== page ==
Five Burning Questions with The Ferryman Star Rob Malone
Rob Malone makes a haunting Broadway debut as Oisin Carney in the transfer of Jez Butterworth's epic and award-winning drama The Ferryman. Rob originated the role of the emotionally fragile young man in the play's world premiere at the Royal Court Theatre and West End production. BroadwayBox caught up with the Irish actor to discuss his big debut, how he and company handle two-show days, and a new layer to the relationship between Oisin and Tom Kettle.
1. Tell me about the moment at the end of the first act with you and goose. What is happening for you in that moment? What did Jez Butterworth or director Sam Mendes say to you to inform what’s happening there?
I suppose that moment kind of really starts just prior to the end of the act. He overhears his mother and his uncle in the kitchen, and he learns something that completely turns his world upside down. So then, moments later, when the goose is brought onstage at the end of the act, he's faced with the physical image of death. I know for me, it’s definitely safe to say that he's heartbroken really. Any lingering hope of a normal family life is entirely extinguished.
2. How has your performance changed, adjusted, or grown since the UK run? Was there anything new you found while revisiting the piece for Broadway?
Well I think there is always a slight trepidation when you're coming back to something having had a number of months away from it. I know personally, I was slightly worried that we'd just be expected to churn out the same performance that we've done before. But thankfully, I couldn't have been more wrong. Sam [Mendes] did his best to give each of us a fresh perspective on our characters, and I think that is really evident in the play. It’s definitely not the same show as the one that we did in the West End. It’s grown. It’s richer even.
What did Sam give you about your character this time?
He is very, very nuanced. He'll say something extremely small. One day he said to me that Tom Kettle and Oisin are the only two people in the household that feed the animals. Then that makes you revisit my relationship with Tom Kettle. They obviously spent a lot of time on their own together and that they're quite close. It just deepens the relationship a little bit more.
3. On screen, you played Thorgrim on TV's Vikings. What was the most memorable experience on set?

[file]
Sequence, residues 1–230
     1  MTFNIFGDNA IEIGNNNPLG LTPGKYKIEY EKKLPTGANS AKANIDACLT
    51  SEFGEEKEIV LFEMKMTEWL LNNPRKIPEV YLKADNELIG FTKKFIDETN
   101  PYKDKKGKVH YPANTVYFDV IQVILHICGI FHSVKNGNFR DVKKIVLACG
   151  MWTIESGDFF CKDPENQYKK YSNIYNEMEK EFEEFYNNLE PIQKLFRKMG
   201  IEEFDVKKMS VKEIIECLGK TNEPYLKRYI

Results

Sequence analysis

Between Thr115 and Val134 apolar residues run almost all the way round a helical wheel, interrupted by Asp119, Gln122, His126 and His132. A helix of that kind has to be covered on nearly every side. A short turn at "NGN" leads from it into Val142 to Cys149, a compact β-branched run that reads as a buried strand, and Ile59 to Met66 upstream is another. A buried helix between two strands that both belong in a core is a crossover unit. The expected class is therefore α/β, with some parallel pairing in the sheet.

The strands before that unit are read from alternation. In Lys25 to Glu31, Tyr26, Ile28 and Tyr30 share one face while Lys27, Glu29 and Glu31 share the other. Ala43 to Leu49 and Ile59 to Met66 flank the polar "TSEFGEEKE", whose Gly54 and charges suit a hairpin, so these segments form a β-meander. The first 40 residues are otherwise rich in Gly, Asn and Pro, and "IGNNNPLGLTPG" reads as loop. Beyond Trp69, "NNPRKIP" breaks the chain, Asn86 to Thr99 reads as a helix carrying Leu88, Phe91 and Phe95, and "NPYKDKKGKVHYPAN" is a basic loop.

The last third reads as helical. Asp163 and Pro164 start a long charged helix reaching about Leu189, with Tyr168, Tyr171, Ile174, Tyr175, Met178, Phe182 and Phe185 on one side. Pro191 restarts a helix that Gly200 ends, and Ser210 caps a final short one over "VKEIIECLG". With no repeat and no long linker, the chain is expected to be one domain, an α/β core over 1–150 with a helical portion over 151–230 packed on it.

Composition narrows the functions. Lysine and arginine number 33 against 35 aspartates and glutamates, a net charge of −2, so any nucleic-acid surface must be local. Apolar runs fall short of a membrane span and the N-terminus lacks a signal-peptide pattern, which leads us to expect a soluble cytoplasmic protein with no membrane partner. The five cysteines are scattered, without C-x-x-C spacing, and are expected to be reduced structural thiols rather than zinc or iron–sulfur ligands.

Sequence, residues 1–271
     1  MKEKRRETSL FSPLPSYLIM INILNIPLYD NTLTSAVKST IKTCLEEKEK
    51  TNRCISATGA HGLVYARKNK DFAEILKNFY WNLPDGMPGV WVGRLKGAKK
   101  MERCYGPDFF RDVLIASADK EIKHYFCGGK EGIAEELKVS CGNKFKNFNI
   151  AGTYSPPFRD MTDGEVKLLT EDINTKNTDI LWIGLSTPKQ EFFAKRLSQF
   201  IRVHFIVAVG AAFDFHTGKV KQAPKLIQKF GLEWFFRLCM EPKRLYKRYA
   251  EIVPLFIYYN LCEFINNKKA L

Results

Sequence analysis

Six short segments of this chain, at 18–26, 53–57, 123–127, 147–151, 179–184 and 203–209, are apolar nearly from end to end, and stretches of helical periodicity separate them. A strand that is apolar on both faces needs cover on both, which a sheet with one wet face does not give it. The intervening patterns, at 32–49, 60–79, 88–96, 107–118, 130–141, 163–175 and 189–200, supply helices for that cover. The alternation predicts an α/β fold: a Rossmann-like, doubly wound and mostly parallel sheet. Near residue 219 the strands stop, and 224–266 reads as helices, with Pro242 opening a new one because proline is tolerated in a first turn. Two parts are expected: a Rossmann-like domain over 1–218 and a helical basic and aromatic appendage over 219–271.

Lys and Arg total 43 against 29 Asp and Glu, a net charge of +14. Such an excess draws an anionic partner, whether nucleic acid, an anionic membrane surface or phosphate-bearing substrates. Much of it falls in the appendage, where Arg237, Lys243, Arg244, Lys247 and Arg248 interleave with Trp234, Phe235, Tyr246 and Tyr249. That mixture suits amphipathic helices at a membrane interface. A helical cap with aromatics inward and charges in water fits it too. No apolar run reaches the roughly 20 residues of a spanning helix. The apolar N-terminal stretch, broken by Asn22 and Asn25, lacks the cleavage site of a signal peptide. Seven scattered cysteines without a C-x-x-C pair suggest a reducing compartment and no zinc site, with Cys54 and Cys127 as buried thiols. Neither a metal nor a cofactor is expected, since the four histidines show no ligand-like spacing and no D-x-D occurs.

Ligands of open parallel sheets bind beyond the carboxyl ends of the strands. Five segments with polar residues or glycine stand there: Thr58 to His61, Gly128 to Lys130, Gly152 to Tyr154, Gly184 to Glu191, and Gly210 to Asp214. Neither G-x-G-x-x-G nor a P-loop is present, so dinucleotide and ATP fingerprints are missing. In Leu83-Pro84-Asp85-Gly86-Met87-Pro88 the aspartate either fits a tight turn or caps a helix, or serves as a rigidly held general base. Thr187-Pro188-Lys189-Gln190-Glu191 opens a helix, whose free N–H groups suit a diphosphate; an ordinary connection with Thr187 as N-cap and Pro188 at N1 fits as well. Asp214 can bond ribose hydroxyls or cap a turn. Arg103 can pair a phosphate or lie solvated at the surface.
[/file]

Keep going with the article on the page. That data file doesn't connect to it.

Vikings was a lot of fun. Like The Ferryman, it was a very close knit group of actors, and I think for any story at all to be in any way successful, the actors have to really believe in the storyline. But my favorite part: I had a knife fight in front of a burning temple. That was a lot of fun. I love all that action-type stuff. I felt like such a badass. Any chance I get to do that, I'm extremely happy, and I would love to do more of it in the future as well.
4. The Ferryman is so epic and emotional. What’s it like for you and the company to perform it twice on two-show days? What’s your in-between shows like?
Wednesdays and Saturdays are definitely tough. Over here, we have a much longer break in between shows then we did in the UK, and that has its pros and its cons. Sometimes after the matinee, you feel like you could actually start the second show straight away. Then there's other times where you’re just completely knackered, so the long break is an absolute Godsend.
A lot of sleeping goes on. Some people don't even get out of their costumes. Some people go to the gym. If at all possible, I like to get home and sit on the couch in front of the TV for an hour and have a proper switch off, so it kind of feels like you are starting your day again when you have to gear up for the second show.
5. In what ways is making your Broadway debut in a hit show different than what you could have imagined and exactly like how you’d have imagined?
To be honest, I really tried not to build it up in my head of what this experience was going to be. Because of the success of the play in the UK, it could have been quite easy to get ahead of myself, but I was adamant on taking it day by day. But in short, it’s just been incredible. I'm constantly in a state of pinching myself and just trying to enjoy every second, because this is the type of thing that could very, very well be a once in a lifetime opportunity.
I firmly believe that the people make the experience what it is. Some of my closest friends in the world are onstage every night. That to me is the most special thing—that, coupled with the response that we get from the audience night after night. I can't think of anything more rewarding.
Don't miss Rob Malone in 'The Ferryman' at Broadway's Jacobs Theatre through July 7.